This particular friend is comfortable working completely alone; but you might not be. Again, it’s just something you should think about. What’s right for one person is not necessarily right for another.

Once you do decide to hire another person, it changes everything.

I didn’t handle it all that well at first. I thought I knew how to manage people because I’d been reasonably successful at it before. But that seemed to change when the pressures of my own business hit.

I’d be gone all week calling on clients, leaving a couple of technicians and a clerk there to get repairs done. On several occasions I’d return to find the technicians stuck on the same problem they had when I left. I was well aware that meant no billings out the door while overhead continued to pile up; and, I was operating very close to the edge financially. To make matters worse, on several occasions the clerk had made mistakes in our administration system that required hours of my time to correct.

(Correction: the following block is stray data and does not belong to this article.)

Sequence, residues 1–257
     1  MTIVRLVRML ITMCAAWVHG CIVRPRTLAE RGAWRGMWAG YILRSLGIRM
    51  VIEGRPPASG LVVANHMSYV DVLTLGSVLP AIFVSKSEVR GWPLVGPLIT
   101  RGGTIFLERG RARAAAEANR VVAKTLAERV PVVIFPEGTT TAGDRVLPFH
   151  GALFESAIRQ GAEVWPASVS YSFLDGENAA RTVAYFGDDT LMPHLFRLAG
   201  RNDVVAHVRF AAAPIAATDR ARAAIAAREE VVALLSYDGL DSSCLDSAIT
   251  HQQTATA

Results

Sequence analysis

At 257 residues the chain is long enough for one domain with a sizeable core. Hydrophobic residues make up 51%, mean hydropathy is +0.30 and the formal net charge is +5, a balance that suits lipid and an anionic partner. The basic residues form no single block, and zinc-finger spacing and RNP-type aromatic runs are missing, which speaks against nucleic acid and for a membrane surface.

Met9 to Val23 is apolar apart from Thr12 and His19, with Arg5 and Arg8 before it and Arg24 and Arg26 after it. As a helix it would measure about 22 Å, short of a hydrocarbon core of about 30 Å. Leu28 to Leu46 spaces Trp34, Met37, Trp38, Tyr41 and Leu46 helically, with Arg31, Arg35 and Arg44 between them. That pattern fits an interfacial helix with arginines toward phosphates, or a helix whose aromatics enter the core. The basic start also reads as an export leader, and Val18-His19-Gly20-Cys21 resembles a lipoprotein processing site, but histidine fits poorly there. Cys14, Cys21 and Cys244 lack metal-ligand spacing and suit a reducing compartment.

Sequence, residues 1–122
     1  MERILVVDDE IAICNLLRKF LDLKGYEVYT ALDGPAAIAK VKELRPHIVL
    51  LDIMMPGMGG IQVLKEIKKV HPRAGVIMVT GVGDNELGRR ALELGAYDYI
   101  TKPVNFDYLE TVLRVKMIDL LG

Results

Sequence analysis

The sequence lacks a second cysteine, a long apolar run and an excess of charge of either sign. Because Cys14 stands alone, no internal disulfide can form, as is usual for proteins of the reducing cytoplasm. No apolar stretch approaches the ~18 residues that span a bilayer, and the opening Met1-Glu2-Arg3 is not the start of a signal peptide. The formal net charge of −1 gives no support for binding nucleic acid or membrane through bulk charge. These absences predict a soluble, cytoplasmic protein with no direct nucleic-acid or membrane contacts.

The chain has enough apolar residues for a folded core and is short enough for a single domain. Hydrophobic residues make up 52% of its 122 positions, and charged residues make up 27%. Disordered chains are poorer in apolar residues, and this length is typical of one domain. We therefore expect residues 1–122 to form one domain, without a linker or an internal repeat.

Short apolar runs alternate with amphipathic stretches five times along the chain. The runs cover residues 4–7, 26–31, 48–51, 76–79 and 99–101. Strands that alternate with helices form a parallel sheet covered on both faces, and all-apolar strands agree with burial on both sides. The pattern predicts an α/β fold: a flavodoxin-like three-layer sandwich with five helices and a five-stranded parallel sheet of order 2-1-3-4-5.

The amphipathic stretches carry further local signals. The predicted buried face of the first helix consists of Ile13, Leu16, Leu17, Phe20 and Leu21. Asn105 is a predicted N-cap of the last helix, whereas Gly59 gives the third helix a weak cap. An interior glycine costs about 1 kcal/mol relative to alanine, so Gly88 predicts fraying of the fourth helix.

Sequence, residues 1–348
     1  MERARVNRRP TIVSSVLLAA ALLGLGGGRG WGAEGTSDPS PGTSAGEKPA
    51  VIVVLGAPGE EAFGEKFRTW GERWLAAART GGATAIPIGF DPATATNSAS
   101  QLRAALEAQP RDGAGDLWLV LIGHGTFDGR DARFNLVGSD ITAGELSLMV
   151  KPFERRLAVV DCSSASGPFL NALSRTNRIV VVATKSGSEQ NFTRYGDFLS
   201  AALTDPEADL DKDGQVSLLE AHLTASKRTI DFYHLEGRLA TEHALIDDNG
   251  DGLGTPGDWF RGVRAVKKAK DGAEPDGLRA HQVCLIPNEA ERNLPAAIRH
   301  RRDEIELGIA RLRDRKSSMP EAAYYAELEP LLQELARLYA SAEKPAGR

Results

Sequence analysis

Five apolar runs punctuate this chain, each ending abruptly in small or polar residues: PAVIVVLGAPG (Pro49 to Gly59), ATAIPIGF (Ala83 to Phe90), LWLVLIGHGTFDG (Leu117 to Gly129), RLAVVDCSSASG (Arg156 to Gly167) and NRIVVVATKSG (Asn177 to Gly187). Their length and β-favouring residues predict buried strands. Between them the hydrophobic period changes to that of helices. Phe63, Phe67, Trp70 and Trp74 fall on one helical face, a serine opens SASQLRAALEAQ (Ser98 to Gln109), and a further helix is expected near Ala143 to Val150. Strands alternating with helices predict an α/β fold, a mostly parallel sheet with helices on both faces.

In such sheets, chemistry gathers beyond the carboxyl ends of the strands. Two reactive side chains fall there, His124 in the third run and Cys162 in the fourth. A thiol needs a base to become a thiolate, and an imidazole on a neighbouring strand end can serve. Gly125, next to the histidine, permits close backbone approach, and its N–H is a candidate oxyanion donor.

The stress of that, plus my own inexperience caused me to fly off the handle with the employees, rather than attempt to resolve the problems. In a couple of the cases, I should have terminated an incompetent employee much earlier, and in others, I should have spent more time coaching and helping them to be successful.

Yelling at people is not leadership; it’s bullying. It’s also unprofessional and unacceptable and I’m not proud at all of it. Pragmatically, it makes things worse not better.

Here’s what I’ve discovered.. the hiring process is important.. in fact, if you plan to have employees, nothing you do is more important.

Jim Collins, in his landmark book, Good to Great uses the analogy of a bus. He says that who is on the bus determines where the bus is going, not necessarily where you wish it were going. Spend time determining who should be on your bus.

Since we were a technical business primarily, I spent a lot of time attempting to test for technical prowess. That was my primary hiring criteria, and I would ignore almost anything else if they proved to me they could handle the job technically.